Clinical decision support algorithm based on machine learning to assess the clinical response to anti–programmed death-1 therapy in patients with non–small-cell lung cancer

Beung Chul Ahn, Jea Woo So, Chun Bong Synn, Tae Hyung Kim, Jae Hwan Kim, Yeongseon Byeon, Young Seob Kim, Seong Gu Heo, San Duk Yang, Mi Ran Yun, Sangbin Lim, Su Jin Choi, Wongeun Lee, Dong Kwon Kim, Eun Ji Lee, Seul Lee, Doo Jae Lee, Chang Gon Kim, Sun Min Lim, Min Hee HongByoung Chul Cho, Kyoung Ho Pyo, Hye Ryun Kim

Research output: Contribution to journalArticlepeer-review

Abstract

Objective: Anti–programmed death (PD)-1 therapy confers sustainable clinical benefits for patients with non–small-cell lung cancer (NSCLC), but only some patients respond to the treatment. Various clinical characteristics, including the PD-ligand 1 (PD-L1) level, are related to the anti–PD-1 response; however, none of these can independently serve as predictive biomarkers. Herein, we established a machine learning (ML)–based clinical decision support algorithm to predict the anti–PD-1 response by comprehensively combining the clinical information. Materials and methods: We collected clinical data, including patient characteristics, mutations and laboratory findings, from the electronic medical records of 142 patients with NSCLC treated with anti–PD-1 therapy; these were analysed for the clinical outcome as the discovery set. Nineteen clinically meaningful features were used in supervised ML algorithms, including LightGBM, XGBoost, multilayer neural network, ridge regression and linear discriminant analysis, to predict anti–PD-1 responses. Based on each ML algorithm's prediction performance, the optimal ML was selected and validated in an independent validation set of PD-1 inhibitor–treated patients. Results: Several factors, including PD-L1 expression, tumour burden and neutrophil-to-lymphocyte ratio, could independently predict the anti–PD-1 response in the discovery set. ML platforms based on the LightGBM algorithm using 19 clinical features showed more significant prediction performance (area under the curve [AUC] 0.788) than on individual clinical features and traditional multivariate logistic regression (AUC 0.759). Conclusion: Collectively, our LightGBM algorithm offers a clinical decision support model to predict the anti–PD-1 response in patients with NSCLC.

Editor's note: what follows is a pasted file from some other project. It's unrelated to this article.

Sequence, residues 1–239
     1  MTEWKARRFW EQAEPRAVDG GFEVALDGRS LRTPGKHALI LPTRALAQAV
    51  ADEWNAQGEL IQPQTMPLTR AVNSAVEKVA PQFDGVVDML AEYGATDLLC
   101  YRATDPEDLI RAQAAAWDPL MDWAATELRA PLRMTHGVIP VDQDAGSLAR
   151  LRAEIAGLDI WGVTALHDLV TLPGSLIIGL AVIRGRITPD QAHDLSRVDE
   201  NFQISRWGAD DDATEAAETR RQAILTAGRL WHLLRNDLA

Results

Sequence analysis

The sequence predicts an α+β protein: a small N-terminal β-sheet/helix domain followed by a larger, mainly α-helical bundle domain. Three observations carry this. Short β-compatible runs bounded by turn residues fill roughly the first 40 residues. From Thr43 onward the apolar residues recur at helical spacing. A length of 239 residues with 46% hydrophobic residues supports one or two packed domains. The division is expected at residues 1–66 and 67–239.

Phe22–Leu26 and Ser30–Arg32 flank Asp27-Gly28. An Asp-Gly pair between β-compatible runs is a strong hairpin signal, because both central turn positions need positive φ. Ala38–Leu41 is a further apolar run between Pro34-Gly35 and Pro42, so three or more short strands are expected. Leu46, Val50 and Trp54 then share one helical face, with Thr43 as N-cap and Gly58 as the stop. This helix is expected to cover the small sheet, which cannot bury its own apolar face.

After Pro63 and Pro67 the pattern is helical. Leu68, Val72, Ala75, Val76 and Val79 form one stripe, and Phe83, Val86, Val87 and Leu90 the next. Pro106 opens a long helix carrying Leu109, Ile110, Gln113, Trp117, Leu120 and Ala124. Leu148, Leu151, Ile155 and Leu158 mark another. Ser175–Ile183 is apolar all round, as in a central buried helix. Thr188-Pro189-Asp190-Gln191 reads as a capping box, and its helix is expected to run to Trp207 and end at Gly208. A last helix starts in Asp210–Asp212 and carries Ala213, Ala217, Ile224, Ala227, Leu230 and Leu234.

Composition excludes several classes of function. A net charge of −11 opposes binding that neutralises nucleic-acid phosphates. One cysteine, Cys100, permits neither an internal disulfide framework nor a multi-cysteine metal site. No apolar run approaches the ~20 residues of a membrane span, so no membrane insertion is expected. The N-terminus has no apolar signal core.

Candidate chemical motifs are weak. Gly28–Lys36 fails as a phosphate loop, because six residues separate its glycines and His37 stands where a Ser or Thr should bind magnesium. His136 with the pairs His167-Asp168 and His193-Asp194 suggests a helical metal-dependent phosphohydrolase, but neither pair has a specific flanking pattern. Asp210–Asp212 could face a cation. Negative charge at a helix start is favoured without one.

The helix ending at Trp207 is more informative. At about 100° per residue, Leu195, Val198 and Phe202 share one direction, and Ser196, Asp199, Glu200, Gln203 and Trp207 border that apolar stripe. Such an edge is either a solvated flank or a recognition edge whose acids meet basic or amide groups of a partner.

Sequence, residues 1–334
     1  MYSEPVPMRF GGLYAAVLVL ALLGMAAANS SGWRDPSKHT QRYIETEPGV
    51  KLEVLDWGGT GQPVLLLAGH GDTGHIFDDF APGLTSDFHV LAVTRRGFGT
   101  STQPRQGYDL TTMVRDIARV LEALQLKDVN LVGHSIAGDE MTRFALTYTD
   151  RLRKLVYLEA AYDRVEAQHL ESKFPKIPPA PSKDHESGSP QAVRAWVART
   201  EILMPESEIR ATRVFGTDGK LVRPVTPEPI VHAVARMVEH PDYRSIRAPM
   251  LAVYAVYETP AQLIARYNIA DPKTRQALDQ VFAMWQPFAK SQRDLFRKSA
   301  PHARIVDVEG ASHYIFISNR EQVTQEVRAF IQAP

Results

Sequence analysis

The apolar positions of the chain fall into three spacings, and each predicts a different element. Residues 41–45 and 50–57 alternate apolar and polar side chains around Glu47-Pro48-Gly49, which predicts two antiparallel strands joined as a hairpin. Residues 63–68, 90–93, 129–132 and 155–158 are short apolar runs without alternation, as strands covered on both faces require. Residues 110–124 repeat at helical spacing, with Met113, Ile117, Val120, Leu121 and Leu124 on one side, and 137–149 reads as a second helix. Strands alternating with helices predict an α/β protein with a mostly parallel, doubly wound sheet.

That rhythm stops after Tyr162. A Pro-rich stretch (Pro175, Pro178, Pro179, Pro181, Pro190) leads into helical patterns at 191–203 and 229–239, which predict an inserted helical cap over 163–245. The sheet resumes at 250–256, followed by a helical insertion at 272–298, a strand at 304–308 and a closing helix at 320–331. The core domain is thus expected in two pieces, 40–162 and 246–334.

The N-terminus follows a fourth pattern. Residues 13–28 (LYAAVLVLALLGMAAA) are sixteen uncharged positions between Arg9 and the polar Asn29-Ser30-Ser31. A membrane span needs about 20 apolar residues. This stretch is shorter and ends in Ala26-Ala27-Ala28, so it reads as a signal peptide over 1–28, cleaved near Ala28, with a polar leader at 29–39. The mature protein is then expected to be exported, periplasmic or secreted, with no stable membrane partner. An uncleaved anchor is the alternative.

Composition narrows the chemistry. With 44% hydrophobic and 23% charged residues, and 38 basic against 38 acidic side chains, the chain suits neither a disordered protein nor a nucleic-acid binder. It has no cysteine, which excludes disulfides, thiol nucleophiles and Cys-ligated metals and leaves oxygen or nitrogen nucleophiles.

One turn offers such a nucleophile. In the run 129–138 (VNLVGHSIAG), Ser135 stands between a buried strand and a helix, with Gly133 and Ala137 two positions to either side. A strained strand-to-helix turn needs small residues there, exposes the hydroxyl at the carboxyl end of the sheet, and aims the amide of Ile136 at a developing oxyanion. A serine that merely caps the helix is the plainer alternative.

Original languageEnglish
Pages (from-to)179-189
Number of pages11
JournalEuropean Journal of Cancer
Volume153
DOIs
Publication statusPublished - 2021 Aug

Bibliographical note

Funding Information:
This research was supported by the Bio & Medical Technology Development Program of the National Research Foundation funded by the Ministry of Science and ICT [grant numbers NRF-2019M3A9B6065231 , 2017M3A9E8029717 , 2017M3A9E9072669 ]. This study was supported by a Dongin Sports research grant of Yonsei University College of Medicine (6-2019-0128).

Publisher Copyright:
© 2021

All Science Journal Classification (ASJC) codes

  • Oncology
  • Cancer Research

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